Sure, school sporting events and recess became a little safer for kids in New York State yesterday, thanks to the implementation of the Child Safe Playing Fields Act. But New York’s statewide law is the exception rather than the norm.
Witness what just happened in Maine. A bill (LD 837) brought before the Agriculture, Conservation and Forestry Joint Standing Committee of the Legislature by Representative Mary P. Nelson (D-Falmouth) would have severely limited the use of pesticides on school grounds:
"This bill requires that the use of pesticides on school grounds is restricted to situations that pose a health threat to a student or staff member and when the presence of animals or insects have been identified as a public health nuisance. It requires the Commissioner of Health and Human Services to adopt rules to provide similar restrictions on the use of pesticides on the grounds of child care facilities and nursery schools."What would seem a veritable no-brainer was instead amended by a majority of the committee, which offered this summary instead:
"This amendment is the majority report of the Joint Standing Committee on Agriculture, Conservation and Forestry. It replaces the bill with a resolve directing the Department of Agriculture, Food and Rural Resources, Board of Pesticides Control to develop and disseminate best management practices for the establishment and maintenance of school lawns, playgrounds and athletic fields."So, in lieu of employing a common-sense ban on pesticide use, Maine’s schools will continue to use "best management practices," which pretty much means toxic business as usual for the lawn care companies.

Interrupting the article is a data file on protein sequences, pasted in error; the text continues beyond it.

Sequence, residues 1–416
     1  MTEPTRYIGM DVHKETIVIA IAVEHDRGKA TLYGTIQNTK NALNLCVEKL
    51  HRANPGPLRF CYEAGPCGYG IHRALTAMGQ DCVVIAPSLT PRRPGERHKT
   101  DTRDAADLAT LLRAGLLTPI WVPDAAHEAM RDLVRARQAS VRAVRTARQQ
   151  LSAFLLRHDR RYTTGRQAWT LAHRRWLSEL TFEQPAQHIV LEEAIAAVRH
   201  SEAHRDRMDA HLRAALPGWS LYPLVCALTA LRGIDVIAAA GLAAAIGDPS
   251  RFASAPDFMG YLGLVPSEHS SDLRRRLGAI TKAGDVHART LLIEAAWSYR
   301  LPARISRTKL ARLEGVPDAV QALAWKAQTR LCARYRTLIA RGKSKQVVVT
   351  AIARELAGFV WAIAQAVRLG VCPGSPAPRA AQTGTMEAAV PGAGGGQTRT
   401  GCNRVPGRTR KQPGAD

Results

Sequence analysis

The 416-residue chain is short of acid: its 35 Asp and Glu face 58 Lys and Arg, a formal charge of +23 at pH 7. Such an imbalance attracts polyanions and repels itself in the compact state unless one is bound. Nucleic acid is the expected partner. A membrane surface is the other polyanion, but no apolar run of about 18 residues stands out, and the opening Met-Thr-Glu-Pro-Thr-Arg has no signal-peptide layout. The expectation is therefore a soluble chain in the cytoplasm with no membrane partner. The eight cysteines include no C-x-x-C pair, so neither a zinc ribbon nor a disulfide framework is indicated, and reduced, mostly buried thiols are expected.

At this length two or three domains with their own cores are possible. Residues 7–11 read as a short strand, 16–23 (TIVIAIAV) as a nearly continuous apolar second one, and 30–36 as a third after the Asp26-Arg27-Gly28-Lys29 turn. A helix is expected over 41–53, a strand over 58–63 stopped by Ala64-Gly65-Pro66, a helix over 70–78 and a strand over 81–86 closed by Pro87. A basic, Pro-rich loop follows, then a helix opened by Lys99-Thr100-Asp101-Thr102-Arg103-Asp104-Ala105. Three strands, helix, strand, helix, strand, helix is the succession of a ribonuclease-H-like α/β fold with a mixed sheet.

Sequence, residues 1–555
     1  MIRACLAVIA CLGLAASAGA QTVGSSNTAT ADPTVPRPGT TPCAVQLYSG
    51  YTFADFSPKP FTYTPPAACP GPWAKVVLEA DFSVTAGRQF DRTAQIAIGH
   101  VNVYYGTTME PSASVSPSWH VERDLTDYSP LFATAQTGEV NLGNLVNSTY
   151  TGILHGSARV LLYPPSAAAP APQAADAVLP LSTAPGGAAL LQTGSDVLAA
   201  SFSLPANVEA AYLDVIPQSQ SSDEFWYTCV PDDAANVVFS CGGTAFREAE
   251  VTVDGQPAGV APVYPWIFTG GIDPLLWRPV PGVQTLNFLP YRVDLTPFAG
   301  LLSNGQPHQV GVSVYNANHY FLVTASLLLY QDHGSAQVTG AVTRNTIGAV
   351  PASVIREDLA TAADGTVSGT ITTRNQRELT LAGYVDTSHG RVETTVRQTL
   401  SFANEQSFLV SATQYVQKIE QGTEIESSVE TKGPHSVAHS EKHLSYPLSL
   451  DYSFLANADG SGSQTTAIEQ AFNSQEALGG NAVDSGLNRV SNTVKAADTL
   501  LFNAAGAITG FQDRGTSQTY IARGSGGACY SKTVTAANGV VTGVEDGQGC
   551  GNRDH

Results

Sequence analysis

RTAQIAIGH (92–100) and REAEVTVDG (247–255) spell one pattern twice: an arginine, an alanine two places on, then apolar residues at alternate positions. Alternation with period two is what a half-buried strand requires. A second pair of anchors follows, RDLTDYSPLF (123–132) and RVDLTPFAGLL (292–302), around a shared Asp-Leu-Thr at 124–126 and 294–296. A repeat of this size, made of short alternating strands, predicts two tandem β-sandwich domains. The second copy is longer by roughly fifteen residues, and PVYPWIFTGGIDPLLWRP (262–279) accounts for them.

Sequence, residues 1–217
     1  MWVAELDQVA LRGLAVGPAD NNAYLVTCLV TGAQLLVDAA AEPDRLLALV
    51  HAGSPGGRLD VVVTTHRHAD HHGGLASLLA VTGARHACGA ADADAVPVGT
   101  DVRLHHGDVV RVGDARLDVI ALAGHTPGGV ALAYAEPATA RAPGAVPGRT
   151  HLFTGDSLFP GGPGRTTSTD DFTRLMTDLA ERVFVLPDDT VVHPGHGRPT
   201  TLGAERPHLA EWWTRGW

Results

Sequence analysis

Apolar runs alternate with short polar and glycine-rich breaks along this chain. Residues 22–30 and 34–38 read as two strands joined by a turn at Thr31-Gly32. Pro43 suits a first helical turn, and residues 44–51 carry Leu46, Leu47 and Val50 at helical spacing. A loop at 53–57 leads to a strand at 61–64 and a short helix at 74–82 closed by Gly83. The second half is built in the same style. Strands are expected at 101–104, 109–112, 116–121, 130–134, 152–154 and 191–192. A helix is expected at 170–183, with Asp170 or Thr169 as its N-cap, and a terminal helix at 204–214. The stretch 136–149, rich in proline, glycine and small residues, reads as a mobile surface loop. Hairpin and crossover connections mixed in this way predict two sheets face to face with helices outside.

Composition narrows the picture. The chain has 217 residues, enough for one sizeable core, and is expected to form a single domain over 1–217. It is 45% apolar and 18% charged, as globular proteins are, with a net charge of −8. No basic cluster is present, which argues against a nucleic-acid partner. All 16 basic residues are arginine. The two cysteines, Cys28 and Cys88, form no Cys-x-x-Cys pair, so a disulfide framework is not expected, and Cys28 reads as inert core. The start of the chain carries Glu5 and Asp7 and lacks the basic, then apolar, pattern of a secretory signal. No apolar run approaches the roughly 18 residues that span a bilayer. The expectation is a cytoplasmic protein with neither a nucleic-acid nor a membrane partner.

Here's hoping that as word spreads about the needless use of dangerous chemicals on school grounds, the health of our children will cease being a politicized issue.